Friday, November 12, 2010

Forearm Fractures



transverse + oblique
fracture / dislocations


If undisplaced ® immobilise elbow for 3 - 4 weeks in a sling
If displaced (disruption or extensor mechanism) ® TBW
TBW with double twist ® strongest method of internal fixation for these fractures however a dorsal plate (positioned in tension) is also effective


reduced ROM - up to 50% have some loss of ROM - only ~ 3% have functional loss from this
post traumatic OA- rare as is a non wght bearing jt
Nonunion - ~5%
If high demand pt - ORIF/ BG
If low demand pt - may not need to do anything. Can excise the olecranon fragment with very good results ( as long as the coronoid and ant soft tissues are intact to provide stability)

Radial Head Fractures

Usually due to a fall onto the outstretched hand and may be associated with dislocation of the elbow
Over half of radial head fractures are associated with other injuries about the elbow

Classification: (Mason)

ref: Mason, M.L. "Some observations on fractures of the head of the Radius With a Review of 100 cases" Br J Surg 42: 123-132, 1954

Marginal fracture with displacement
Comminuted fracture with whole head involvement
Fracture of the radial head associated with dislocation of the elbow
NB: Type IV not described by Mason

Note that Essex- Lopresti (ALRUD) lesions can coexist


AP/ lat views of the elbow usually sufficient
fat pad sign
if no fracture seen but fat pad sign present - Radiocapitellar views with the forearm in neutral rotation and the XRay tube angled 45 deg cephalad



Acceptable angulation of 30o in young children as ® remodels with growth (15o in older children ie more than 10) and can expect 10o correction
If greater angulation than 30o ® either;
Manipulation under GA
Open reduction if more than 45o and irreducible
Never ® radial head excision in the young as ® ulna overgrowth



nonoperative - early motion as soon as comfortable
without Essex- Lopresti
without mechanical block as for type 1
with mechanical block excise or ORIF
with Essex- Lopresti ORIF if at all possible ie retain head
May need to pin radius + ulna
without Essex- Lopresti or dislocation excise
with Essex- Lopresti aim to retain the head if at all possible
may need to transfix the radius and ulna to prevent translation
if the ant band of the MCL is disrupted need to repair primarily
aim to retain the radial head if at all possible


if head is salvageable do so
if Essex- Lopresti - save head, or if excise pin radius and ulna for 4-6/52
if elbow unstable ie MCL torn - save head, repair ligament if excise or not
In adults operation indicated if
Angulation more than 30o Depression of articular surface of more than 3mm
Greater than 1/3 of radial head involved


Reduced motion
Radial head overgrowth
Premature physeal closure
Non union
Avascular necrosis of the radial head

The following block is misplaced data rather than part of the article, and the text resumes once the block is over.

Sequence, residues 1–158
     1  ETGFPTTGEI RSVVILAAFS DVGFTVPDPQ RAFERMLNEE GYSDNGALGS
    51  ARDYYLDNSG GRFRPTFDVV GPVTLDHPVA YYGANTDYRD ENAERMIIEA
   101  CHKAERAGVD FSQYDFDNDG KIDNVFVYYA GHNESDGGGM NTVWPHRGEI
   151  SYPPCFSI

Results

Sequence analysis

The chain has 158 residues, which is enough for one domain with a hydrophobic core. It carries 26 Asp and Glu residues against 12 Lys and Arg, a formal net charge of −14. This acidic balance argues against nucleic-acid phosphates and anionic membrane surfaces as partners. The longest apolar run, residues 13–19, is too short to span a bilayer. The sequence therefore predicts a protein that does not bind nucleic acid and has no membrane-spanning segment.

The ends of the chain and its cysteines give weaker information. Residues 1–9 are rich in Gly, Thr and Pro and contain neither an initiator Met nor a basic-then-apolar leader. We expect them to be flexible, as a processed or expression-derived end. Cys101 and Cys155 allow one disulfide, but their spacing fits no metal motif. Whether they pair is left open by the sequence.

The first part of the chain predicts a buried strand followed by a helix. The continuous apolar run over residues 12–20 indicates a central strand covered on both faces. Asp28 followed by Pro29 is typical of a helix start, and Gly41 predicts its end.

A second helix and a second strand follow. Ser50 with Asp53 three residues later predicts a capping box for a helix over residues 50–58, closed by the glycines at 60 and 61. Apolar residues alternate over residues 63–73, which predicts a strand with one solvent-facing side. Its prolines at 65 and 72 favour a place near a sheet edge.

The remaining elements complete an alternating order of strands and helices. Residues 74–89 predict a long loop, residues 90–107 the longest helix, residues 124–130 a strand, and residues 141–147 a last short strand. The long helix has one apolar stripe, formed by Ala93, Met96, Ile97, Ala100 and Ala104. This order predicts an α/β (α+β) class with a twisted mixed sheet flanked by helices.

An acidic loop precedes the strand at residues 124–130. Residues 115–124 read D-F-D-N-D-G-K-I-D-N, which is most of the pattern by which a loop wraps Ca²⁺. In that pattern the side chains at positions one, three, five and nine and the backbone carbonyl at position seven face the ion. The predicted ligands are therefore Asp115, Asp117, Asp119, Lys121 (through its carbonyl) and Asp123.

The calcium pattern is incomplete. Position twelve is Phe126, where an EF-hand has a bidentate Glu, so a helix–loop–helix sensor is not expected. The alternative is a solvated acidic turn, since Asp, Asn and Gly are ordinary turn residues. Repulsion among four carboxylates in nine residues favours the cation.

Alteration in the carrying angle
Neuromuscular problems (ie ® valgus with ulna nerve problems)
Radio/ulna synostosis
Myositis ossificans


The results of initial conservative management of Mason II and III fractures are no different to early excision
Also the results of delayed excision of the radial head are satisfactory giving some justification for the initial closed treatment of these fractures with delayed excision of the radial head to be considered at a later date if needed as symptoms develop

Fractures of Radius and Ulna

Galleazi fracture

fracture of distal 1/3 of radius with dislocation of the distal radioulnar jt ( Galleazi - 1934)


ORIF in adults
CR/POP in children
aim to reduce accurately to ensure DRUJ reduction

Monteggia fracture

fracture of proximal ulna with dislocation of the prox radius ( Monteggia - Milan, 1814 )


( Bado)

ant dislocation of radial head
post or posterolat dislocation of the radial head
lat or anterolat dislocation of the radial head
ant dislocation of the radial head with fracture of both radius and ulna at the diaphysis


ORIF in adults
CR/POP in children
aim to reduce ulna - this reduces the prox jt

Nightstick Fracture

fracture ulnar diaphysis alone from a direct blow


AEPOP or functional brace stopping supination/ pronation



union in ~ 10 wks
nonunion - rare

Fracture of Shaft of Radius Alone



AEPOP or functional brace stopping supination/ pronation


Fracture of Both Bones of Forearm

Classification based on the location in the forearm (proximal, middle or distal 1/3)



CR/POP - note the deforming forces of muscles at different levels of fracture
ORIF if unable to obtain or maintain reduction
Can accept 1cm overriding as long as the bones are correctly aligned and rotated
Can accept up to 20o angulation at the fracture in the skeletally immature (ie less than 10 years) ® no significant loss of pronation or supination providing the rotation of the individual bones is correct
Correction of angulation has been reported up to 18o (Larsen, 1988) mainly due to change in the orientation of the epiphyseal plate and appositional bone formation and resorption If close to cessation of growth require an anatomical reduction

No comments:

Post a Comment